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Cape Dorset shooter gets 15 months
Northern News Services
Published Monday, May 2, 2011
Qavavau Shaa, 18, was sentenced to 15 months in jail for the shootings which occurred on July 28, 2010. He pleaded guilty to two counts of pointing a firearm with intent, careless use and or storage of a firearm, possession of a weapon for a dangerous purpose and mischief.
Shaa has been in police custody since then and received nine months credit for time served, leaving him with six months left to serve.
Shaa's crimes were the first in a rash of violence that rocked the community last summer, putting it in the national spotlight.
"This case could have easily turned into a murder file," said Sydney Thompson, Crown attorney at the Nunavut Court of Justice in Iqaluit on April 21.
Thompson had asked for a sentence of three to five years at a federal prison, specifically the Fenbrook Institution, a medium security prison in Ontario with programs for Inuit offenders.
"A penitentiary sentence for this young fella at this time in his life is not useful for society or for him, said Judge Rene Foisy.
The day of the incident, Shaa had been in Iqaluit at the hospital because of an ATV injury, was treated with narcotics and flew back to Cape Dorset, Thompson said.
This was on the same day that 22 shipments of legally-ordered alcohol arrived via air cargo to the community.
RCMP got a call from a neighbour at about 10 p.m. who said they heard shots being fired inside the house where Shaa lived with his 74-year-old grandfather and three other people.
They described Shaa as being "heavily intoxicated and out of control."
Two constables went to the residence and upon driving by saw Shaa break a window and shoot at a group of people, including children about 75 metres away. No one was hit.
"Mr. Shaa is lucky that he or anyone else was not seriously hurt or killed," Thompson said.
The officers approached the house with their pistols ready and tried to contact Shaa by phone but the calls went unanswered and he responded with gunshots. A third constable was called in as back-up and arrived on scene with bulletproof vests and with a rifle.
Community constable Markoosie Etidloi and hamlet staff cleared the area but were unable to stop a driver and a passenger on a scooter who drove by the residence. Shaa pointed the gun at them and then at one of the RCMP officers.
A gun was fired again and the kitchen window broke. Another window was broken.
Const. Alex Benoit saw Shaa point a longbarrel firearm out a window at Const. Daniel Comte and Sgt. James McLaren.
Shaa then came out of the house holding a shotgun, pointing it at the houses along the water yelling at the officers "to come and get him."
Then he went back inside, broke yet another window and fired a shotgun round into the air and over the house.
A highly intoxicated bystander went into Shaa's house and came out with a .22 calibre rifle. RCMP removed a live round from the chamber and the bystander said Shaa was passed out on the couch.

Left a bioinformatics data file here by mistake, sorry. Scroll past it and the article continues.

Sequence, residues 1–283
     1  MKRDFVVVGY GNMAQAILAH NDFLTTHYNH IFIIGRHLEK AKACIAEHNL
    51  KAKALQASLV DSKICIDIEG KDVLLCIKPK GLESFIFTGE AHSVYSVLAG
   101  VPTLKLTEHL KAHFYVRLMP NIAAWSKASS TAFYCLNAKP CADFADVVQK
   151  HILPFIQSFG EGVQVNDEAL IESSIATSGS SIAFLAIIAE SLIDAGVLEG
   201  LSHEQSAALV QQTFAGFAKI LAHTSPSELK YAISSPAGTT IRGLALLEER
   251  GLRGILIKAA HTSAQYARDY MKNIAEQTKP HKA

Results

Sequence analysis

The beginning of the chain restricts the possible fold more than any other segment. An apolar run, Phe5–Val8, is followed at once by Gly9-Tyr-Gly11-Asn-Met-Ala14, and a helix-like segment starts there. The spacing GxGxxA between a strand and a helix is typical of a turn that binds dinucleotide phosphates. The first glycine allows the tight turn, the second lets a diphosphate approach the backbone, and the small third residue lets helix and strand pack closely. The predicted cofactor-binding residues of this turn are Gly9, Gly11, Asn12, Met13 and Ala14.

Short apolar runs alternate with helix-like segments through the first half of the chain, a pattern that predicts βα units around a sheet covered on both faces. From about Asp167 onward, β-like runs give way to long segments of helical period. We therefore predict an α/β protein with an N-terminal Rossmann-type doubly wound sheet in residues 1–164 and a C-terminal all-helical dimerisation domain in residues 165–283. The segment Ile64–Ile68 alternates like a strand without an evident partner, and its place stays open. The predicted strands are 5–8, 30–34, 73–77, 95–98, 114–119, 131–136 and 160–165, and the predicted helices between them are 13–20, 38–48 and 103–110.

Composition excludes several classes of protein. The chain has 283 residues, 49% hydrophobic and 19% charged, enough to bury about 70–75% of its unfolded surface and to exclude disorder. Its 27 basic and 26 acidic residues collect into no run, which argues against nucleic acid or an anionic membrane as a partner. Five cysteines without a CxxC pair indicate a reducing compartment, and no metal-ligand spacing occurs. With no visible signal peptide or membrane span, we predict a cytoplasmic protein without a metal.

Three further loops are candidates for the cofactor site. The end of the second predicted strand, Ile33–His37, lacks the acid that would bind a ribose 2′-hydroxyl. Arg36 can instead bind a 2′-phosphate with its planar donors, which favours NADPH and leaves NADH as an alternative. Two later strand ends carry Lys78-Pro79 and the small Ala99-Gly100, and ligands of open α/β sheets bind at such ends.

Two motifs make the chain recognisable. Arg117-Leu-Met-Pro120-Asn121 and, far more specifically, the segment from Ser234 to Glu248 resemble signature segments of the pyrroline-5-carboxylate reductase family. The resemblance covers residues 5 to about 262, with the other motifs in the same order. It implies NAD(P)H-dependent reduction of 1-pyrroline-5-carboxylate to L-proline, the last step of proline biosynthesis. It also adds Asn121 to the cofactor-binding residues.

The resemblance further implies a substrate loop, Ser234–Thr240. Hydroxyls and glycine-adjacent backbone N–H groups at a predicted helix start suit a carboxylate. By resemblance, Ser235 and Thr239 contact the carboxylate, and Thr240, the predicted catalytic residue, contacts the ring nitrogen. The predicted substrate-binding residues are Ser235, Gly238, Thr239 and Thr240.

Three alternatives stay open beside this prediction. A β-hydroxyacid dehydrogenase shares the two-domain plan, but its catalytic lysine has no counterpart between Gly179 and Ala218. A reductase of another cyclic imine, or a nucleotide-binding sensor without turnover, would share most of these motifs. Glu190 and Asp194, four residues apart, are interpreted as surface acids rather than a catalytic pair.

Shortly afterwards, Shaa left the house, fell down the steps, dragged himself on the ground and then passed out. Thompson said officers had to carry him to the RCMP vehicle, that he smelled of alcohol and had cuts on his hands.
Shaa was taken to the health centre and then into custody. Thompson said the whole incident lasted one hour and 15 minutes.
The RCMP emergency response team had been called in but the standoff was resolved before they arrived.
When police went back to the house they seized a .308 rifle from a bedroom, other guns and found a .22 calibre bullet lodged in the window frame of the storage room.
Shaa fired shots nine times and broke five windows.
There were several civilian witnesses, including one who filmed the event. One man said he took his grandchildren to their furnace room for safety.
"He was putting the lives of citizens and the RCMP at risk," said Thompson.
Defence lawyer Gary Magee asked for a sentence of 10 months to one year in jail for his client.
He said Shaa was born in an outpost camp, had a Grade 9 education, was a carver and was raised by his grandparents. Magee said Shaa considers his grandfather as his father figure. He was supposed to go to Toronto last fall to show some of his carvings.
Magee asked Foisy not to send Shaa to a federal penitentiary as prisoners at the Baffin Correctional Centre told him he would be raped.
The RCMP still have all of the firearms Shaa fired, which belong to his grandfather. Magee said Shaa's grandfather has not been able to hunt since July.
Also in his sentence, Foisy said Shaa will serve three years probation, will have to take traditional counselling when he returns to his community, including courses on alcohol abuse and anger management and he will be under a firearm prohibition for 10 years.
In a letter, Shaa's grandfather said he accepted his son's apology.
"That means everything to an Inuk and it doesn't mean anything to the white man," Foisy said.